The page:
Uncharted Waters

Feb 14 2013   12:57PM GMT

How To Save Jobs – The Good Parts

Matt Heusser Matt Heusser Profile: Matt Heusser

Before I was inspired to write by a sudden, surprise, 1% linkedin email, I was interviewing David Gewirtz, a CBS correspondent, Lecturer at the University of California at Berkeley, and author of “How to Save Jobs.”

It was the David’s work on economic policy that got me most interested in an interview.  Along the way, I wanted to find out what his own life was like, and how he steers between the freedom of freelancing and the reliability of steady employment.  

Let’s get back to it.

Matt Heusser: So how can we save jobs?  Can you explain that standing on one foot?

David Gewirtz: I can’t do much of anything standing on one foot! But I can say this: we (meaning the United States) needs to make jobs and employment a priority. Right now, we have a large number of programs that are at cross-purposes to keeping jobs in America or bringing them back in. Our health care system (pre- and post-Affordable Care Act) is not optimized for making American businesses competitive, and we have so much influence on our expenditures from foreign nations, that we are often squandering our national wealth to other nations’ advantage.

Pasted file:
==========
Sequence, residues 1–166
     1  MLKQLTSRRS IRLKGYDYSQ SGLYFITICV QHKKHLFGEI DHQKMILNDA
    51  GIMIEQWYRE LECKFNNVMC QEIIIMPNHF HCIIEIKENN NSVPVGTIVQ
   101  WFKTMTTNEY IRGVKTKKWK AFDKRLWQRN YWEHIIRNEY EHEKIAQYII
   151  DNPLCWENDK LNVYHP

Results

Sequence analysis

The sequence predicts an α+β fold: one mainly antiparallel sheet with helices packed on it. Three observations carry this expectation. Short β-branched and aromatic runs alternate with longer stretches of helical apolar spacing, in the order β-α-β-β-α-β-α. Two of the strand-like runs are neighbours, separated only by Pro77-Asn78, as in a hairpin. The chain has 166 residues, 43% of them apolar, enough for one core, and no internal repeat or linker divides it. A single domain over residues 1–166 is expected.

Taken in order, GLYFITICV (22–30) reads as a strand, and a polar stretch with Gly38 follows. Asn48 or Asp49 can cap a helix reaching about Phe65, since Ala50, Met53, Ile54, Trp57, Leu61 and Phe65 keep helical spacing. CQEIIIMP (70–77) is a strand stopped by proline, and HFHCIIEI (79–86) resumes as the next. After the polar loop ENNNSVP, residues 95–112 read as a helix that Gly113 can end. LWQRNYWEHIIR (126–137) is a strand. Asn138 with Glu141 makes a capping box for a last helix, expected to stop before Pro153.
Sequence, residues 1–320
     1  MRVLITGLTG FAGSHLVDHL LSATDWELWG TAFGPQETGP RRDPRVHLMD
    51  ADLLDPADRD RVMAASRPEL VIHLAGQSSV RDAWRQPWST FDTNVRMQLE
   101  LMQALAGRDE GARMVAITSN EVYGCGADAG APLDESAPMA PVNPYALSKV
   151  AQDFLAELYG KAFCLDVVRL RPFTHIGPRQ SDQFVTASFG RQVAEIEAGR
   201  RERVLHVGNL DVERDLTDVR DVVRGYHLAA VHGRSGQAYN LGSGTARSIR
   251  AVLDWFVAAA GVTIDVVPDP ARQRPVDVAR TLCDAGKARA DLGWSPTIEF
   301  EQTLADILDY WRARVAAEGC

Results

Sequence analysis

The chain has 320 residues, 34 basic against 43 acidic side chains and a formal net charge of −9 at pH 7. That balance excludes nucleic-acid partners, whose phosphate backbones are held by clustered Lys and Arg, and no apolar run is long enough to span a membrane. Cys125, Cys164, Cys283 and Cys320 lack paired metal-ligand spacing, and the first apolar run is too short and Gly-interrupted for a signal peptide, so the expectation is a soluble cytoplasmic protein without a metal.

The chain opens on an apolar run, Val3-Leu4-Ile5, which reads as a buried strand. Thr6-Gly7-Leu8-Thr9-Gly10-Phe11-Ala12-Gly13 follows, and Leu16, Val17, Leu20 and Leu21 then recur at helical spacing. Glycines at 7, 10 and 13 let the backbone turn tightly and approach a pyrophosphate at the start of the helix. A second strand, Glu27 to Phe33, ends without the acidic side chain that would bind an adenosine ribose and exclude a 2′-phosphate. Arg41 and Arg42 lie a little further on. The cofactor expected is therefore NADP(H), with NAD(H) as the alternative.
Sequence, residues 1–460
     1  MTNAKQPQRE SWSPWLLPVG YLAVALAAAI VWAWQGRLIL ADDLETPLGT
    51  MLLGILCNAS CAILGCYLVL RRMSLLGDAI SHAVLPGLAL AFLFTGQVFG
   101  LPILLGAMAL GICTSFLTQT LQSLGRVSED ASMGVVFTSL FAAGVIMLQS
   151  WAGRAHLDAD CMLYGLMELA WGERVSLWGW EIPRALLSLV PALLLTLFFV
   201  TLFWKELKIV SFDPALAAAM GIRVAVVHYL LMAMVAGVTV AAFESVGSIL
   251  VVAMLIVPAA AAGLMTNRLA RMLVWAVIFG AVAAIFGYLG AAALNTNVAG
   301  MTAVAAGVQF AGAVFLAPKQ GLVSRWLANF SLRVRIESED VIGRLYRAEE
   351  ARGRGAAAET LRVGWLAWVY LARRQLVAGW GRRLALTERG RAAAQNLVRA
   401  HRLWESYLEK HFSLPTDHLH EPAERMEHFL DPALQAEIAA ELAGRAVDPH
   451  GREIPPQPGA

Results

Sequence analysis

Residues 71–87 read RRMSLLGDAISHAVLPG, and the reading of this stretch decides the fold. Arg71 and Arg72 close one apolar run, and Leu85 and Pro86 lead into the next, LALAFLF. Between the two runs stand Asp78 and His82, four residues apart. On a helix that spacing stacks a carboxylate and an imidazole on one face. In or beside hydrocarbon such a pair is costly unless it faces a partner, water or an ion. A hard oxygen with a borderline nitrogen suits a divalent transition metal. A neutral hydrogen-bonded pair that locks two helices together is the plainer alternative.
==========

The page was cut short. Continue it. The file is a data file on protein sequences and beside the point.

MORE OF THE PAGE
More to the immediate point, America as a culture is optimized for large businesses, but large businesses can’t grow enough fast enough to support the number of people who need jobs. Conversely, our tax system and our education system is not optimized for small business training and entrepreneurship, and we need to begin to put the creation of small businesses (and very small businesses) into our policies as a priority. My recommendations make up the entire second section of the book.

Matt Heusser: You’ve published the book, but are giving it away for free.  What’s your motivation?  How does that help the bottom line?  Why not sell it as a kindle edition for a dollar or two on Amazon?

David Gewirtz: I had originally intended to sell the book like any other, but since I wrote it “in public,” sharing it with the CNN Anderson Cooper 360 audience as I wrote it, I came to realize just how important it could be. I kept talking to all these people who were hurting. Then I talked to a friend (now since passed), who was in really bad financial condition. He told me he’d love to read it, but couldn’t afford to buy it. I realized that I didn’t want people to have to decide if they could spend the twenty bucks or so it would take, I wanted them to be able to have access to a resource. A book would never make me all that much money, but it could transform others’ lives.

Sadly, you do have to pay a buck if you want it from Amazon. I’ve been fighting for about a year now to get them to let me give away the Kindle version through the store. You can download a free ePub version and read it on your Kindle, but if you want it from the Kindle store, they make you pay a buck.

In fact, the U.S. Strategic Perspective Institute (USSPI), our 501c3 nonprofit was formed as a result of the work on this book. I talked to so many people, heard so many heart-wrenching stories, that I felt that this work needed to continue and foster ongoing thought and discussion.

Matt Heusser: Tell us about life as a freelancer – or at least independent.  Do you have a sales pipeline?  Work?  How do you plan for retirement?